OK, enough ridicule of the websites. Lets talk about something serious. Muscles contract and lengthen. Through a cascade of processes, muscles shorten (in the end) due to calcium deposited where actin and myosin fibrils unite. That’s what causes the contraction to take place. This in turn shortens the muscle. Potassium is an end product that aids the release of contraction. Sometimes, the brain will tell the body to dump calcium to shore up a structural issue and the muscle seizes either in a cramp, or a more semi-permanent contraction. The brain is saying "26.2 miles? Nope, I’m not doing it anymore. I’m going to stop this right now!!" This contraction essentially shortens the muscle. You can feel its effects when a whole bundle of muscles shorten and stay contracted. It is a taut fiber along the entire length. This taut fiber is continuously tugging on the tendons where they are attached. And that tugging of the tendon may causes downstream problems and pain.

So IT band syndrome is really taut fibers of muscle pulling excessively, probably in opposite directions creating pain just above the outer knee. Rolling, stretching, icing, or any other voodoo you do to an IT band does nothing. You have to deal with the taut fibers that are attached to either side of this upper tendon. And, as a matter of fact, the gluteus maximus, the largest and strongest muscle in our body attaches to the IT band. On the other side is another extremely strong muscle called the Tensor Fascia Latae (TFL). When one side goes bad, the other often does too. And both end up pulling on the IT band. Quit blaming the poor IT band and abusing it with a foam roller. Its not the IT band’s fault. Its the fault of those huge muscles at the top.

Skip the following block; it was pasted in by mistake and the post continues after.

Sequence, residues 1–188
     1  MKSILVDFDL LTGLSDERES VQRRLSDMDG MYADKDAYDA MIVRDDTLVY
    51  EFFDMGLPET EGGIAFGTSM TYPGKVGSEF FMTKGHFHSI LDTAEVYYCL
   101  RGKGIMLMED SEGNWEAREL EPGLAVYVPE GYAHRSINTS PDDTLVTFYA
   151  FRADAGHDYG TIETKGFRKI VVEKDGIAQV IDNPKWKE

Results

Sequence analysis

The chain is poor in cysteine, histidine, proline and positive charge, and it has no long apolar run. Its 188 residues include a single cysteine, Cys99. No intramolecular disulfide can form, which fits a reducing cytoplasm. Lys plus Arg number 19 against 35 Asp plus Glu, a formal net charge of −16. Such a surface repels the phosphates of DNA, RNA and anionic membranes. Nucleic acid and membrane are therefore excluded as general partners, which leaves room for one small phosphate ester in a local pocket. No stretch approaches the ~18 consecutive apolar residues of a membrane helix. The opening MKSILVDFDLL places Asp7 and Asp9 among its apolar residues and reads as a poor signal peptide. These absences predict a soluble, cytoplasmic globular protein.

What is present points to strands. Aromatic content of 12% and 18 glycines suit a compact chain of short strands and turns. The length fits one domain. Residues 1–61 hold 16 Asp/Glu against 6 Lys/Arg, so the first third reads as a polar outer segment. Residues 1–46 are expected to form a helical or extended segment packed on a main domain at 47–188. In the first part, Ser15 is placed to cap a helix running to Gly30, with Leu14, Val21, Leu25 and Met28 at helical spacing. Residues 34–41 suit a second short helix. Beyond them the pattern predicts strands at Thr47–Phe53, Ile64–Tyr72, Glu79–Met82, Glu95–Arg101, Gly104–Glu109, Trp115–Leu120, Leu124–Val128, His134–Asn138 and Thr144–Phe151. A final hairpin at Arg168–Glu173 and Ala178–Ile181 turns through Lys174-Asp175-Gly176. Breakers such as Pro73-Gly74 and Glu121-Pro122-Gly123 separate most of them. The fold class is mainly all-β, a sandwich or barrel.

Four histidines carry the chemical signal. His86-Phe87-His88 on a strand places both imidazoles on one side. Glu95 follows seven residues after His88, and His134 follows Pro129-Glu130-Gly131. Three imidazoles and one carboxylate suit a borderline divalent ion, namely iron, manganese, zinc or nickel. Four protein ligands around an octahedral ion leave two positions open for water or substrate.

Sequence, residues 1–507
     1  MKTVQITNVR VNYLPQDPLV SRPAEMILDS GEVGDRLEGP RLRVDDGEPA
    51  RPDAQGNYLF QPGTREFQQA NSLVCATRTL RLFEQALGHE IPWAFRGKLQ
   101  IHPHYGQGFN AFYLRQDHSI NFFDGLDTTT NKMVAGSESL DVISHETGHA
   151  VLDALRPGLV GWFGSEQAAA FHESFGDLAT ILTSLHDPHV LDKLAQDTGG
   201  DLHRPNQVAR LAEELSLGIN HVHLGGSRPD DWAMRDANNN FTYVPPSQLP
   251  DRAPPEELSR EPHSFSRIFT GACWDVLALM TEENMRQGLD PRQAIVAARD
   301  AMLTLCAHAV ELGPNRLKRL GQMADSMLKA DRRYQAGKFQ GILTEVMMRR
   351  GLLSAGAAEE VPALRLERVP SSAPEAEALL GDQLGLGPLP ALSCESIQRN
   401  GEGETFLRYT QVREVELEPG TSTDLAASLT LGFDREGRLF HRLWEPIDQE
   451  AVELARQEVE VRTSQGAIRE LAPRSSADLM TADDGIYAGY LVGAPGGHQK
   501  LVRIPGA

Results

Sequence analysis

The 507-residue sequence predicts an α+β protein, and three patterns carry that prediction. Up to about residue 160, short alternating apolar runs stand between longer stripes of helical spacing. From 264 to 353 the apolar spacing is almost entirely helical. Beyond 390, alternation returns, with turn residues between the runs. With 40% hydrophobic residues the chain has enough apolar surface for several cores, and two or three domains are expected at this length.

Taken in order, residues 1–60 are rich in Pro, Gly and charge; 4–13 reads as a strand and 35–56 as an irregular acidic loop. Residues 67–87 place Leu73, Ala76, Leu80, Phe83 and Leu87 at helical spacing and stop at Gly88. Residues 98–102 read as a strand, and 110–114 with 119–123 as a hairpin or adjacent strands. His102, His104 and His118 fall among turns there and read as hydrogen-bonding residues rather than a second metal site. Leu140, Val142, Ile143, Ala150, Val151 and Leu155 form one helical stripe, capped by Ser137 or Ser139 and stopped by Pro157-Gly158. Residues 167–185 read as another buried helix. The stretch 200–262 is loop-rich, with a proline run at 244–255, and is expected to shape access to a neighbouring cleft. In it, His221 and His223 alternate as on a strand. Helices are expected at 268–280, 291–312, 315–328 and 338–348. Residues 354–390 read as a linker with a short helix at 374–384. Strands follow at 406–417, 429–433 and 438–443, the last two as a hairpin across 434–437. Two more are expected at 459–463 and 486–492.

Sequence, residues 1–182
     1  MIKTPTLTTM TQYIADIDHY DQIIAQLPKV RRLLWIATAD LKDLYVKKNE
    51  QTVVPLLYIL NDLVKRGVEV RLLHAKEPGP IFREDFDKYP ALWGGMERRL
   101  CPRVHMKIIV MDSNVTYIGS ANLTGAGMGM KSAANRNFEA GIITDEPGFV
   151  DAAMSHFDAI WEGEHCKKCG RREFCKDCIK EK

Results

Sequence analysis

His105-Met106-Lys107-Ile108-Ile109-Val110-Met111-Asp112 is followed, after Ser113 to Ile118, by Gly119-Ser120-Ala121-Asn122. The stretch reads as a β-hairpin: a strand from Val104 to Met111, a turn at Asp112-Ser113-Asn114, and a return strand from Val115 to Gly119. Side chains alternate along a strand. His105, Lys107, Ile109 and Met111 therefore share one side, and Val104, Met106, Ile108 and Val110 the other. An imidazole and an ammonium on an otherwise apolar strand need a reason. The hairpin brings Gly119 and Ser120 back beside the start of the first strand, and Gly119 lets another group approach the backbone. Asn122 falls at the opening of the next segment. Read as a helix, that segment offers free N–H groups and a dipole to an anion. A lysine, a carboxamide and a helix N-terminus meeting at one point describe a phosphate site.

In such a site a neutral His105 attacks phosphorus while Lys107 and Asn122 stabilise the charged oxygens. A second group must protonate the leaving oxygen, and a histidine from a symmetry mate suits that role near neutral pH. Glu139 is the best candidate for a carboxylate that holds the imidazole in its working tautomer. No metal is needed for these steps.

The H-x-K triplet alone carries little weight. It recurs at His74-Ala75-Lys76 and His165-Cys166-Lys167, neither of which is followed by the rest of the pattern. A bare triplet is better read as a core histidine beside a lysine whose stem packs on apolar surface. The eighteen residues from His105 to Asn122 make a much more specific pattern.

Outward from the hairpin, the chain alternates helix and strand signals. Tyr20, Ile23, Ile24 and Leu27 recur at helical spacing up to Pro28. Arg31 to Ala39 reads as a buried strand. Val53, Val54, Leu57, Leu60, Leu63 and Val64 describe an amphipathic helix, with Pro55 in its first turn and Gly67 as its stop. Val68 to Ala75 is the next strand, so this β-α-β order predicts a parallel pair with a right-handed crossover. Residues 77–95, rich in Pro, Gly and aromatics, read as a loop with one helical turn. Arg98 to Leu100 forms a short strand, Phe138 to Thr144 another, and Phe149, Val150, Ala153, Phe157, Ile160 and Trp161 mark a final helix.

My best suggestion to you for IT band pain is to deal with the source of the problem. First of all, of you figure out how to palpate your own body, you can easily find taut fibers. Nearly all of us have taut fibers in our forearm muscles and in our neck. If you start to lightly find these fibers with your fingertips, you can figure out where the problem is. Go to the belly of the muscle, usually at the center or at the meatiest part, and don’t roll along its length (like you do with a foam roller). Instead, move across the fibers. Either roll your implement, like a lacrosse ball, massage stick, or a hardened metal bar across the fibers at the belly. Don’t be afraid to go hard at it. A gentle massage will do nothing to it. If you think about a powerlifter who squats 1,000 pounds, most of which comes from the gluteus maximus, those fibers are really dense and hard. You have to give a lot of pressure to open them up.

So what are my DO’s? Do the opposite of what the websites say:

1. MASSAGE BUTT & HIP FLEXORS. Get after the taut fibers of the gluteus maximus and the TFL. Massage really hard into those muscles. Maybe even use a TENS unit or electrical accupressure pen. That will allow those contracted trigger points to release so you can lengthen your muscles again. The release of the taut fibers means that it releases the pull on your IT band as well.

2. HEAT IT!! Yes, there is a reason we go to Hot Yoga and not Cold Yoga. Imagine that. You go to cold yoga and end up pulling and tearing every muscle in your body. That’s not a good scenario. You got to Hot Yoga to allow your body to lengthen more than it usually does. Heat is what you want, not cold. RICE is wrong!!

3. STRETCH IT! This also means, no Rest (part of RICE). Instead move and stretch the appropriate parts. Don’t stretch the IT band because it can hardly be stretched anyway. Instead, stretch the glutes and hip flexors. Pigeon pose, deep lunges, lizard pose: these all stretch the glutes. For the TFL, Warrior I (for the back leg), any bow pose (upward bow, bow [dhanurasana]), and any other pose that puts your hips into extension. Don’t rest or ice it. Instead, move it and heat it up. That’s what heals.

Lastly, because of the first few websites that popped up about IT band syndrome, always question what they say. For some reason, they all get this wrong. Learn to think for yourself. Our bodies are not magic. Well, they are, but that’s another blog post. We can figure out these problems for ourselves. All it takes is a little self-education and common sense.